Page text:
CPI Bias from Supercenters: Does the BLS Know that Wal-Mart Exists?
In: Price Index Concepts and Measurement
Hausman (2003) discusses four sources of bias in the present calculation of the CPI. A pure price' index based approach of surveying prices as done by the BLS cannot succeed in solving the problems of bias. We discuss economic and econometric approaches to measuring the first order bias effects from outlet substitution bias. We demonstrate the use of scanner data that permits implementation of techniques that allow the problem to be solved. In contrast, the current BLS procedure does not treat correctly outlet substitution bias and acts as if Wal-Mart does not exist. Yet, Wal-Mart offers identical food items at an average price about 15%-25% lower than traditional supermarkets. The BLS links out' Wal-Mart's lower prices. We find that a more appropriate approach to the analysis is to let the choice to shop at Wal-Mart be considered as a new good' to consumers when Wal-Mart enters a geographic market. This approach leads to a continuously updated expenditure weighted average price calculation. We find a significant difference between our approach and the BLS approach. Our estimates are that the BLS CPI-U food at home inflation is too high by about 0.32 to 0.42 percentage points, which leads to an upward bias in the estimated inflation rate of about 15% per year.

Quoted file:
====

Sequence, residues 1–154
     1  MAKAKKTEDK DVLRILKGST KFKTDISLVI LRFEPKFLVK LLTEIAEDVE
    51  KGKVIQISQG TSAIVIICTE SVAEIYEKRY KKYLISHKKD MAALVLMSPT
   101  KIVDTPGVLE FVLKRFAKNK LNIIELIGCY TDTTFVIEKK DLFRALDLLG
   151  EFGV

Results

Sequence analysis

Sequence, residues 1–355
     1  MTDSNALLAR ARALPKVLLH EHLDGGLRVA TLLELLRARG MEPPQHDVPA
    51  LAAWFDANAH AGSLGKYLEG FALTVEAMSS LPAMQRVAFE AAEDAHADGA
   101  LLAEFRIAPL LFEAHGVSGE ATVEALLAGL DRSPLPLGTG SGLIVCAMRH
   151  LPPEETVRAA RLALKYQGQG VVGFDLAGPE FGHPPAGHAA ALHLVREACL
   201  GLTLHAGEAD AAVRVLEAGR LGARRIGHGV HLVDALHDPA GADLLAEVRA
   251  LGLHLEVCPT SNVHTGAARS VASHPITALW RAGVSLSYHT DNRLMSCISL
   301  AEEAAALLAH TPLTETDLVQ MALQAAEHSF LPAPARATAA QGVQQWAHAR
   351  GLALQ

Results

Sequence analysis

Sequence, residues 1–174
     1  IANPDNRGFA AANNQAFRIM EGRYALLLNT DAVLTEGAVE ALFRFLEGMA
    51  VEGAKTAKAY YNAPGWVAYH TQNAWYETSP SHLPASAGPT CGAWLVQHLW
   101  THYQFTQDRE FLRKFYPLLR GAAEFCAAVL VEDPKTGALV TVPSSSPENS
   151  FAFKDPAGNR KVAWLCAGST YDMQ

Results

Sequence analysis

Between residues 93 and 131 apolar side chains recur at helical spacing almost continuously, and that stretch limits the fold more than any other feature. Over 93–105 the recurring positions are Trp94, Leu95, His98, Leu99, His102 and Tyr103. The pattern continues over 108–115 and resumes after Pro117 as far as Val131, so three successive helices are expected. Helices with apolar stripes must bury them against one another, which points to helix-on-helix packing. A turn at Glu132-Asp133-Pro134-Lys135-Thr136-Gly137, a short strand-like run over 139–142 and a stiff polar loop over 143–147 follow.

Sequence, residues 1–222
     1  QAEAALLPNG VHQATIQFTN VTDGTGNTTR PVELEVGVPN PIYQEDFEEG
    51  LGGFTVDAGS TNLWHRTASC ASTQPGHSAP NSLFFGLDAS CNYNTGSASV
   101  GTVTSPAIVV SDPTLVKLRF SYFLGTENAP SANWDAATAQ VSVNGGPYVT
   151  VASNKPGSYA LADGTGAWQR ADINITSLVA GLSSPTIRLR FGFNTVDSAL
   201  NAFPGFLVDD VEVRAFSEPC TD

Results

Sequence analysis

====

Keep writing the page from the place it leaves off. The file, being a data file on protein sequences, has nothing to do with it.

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- Jerry Hausman, 1997.
"Cellular Telephone, New Products and the CPI,"
NBER Working Papers
5982, National Bureau of Economic Research, Inc.
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